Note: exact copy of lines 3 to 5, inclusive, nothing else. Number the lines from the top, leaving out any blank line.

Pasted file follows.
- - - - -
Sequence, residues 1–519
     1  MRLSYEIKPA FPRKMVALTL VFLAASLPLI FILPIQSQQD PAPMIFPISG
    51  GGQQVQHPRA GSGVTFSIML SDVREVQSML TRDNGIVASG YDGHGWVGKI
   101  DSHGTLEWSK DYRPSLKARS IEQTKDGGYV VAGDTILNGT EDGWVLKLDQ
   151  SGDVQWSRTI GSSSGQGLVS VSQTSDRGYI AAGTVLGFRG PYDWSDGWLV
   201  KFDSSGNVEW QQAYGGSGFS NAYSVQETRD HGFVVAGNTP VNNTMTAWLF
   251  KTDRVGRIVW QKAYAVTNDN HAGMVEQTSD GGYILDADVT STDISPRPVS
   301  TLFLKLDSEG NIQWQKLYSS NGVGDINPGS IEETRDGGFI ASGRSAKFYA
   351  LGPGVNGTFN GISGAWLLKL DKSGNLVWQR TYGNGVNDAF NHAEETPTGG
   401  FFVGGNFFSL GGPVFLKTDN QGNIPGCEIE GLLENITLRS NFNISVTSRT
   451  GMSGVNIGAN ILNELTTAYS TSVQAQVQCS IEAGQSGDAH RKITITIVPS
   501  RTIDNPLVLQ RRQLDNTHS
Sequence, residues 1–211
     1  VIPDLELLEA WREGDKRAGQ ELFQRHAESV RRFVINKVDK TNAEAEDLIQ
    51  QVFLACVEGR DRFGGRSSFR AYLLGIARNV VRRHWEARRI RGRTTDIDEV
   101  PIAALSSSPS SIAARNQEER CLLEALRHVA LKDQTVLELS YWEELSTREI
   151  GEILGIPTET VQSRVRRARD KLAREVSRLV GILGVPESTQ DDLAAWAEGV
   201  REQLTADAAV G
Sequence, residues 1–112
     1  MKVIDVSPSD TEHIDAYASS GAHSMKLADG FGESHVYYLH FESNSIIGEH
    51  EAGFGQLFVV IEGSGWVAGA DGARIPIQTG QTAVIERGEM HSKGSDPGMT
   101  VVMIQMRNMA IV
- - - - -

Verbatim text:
    51  GGQQVQHPRA GSGVTFSIML SDVREVQSML TRDNGIVASG YDGHGWVGKI
   101  DSHGTLEWSK DYRPSLKARS IEQTKDGGYV VAGDTILNGT EDGWVLKLDQ
   151  SGDVQWSRTI GSSSGQGLVS VSQTSDRGYI AAGTVLGFRG PYDWSDGWLV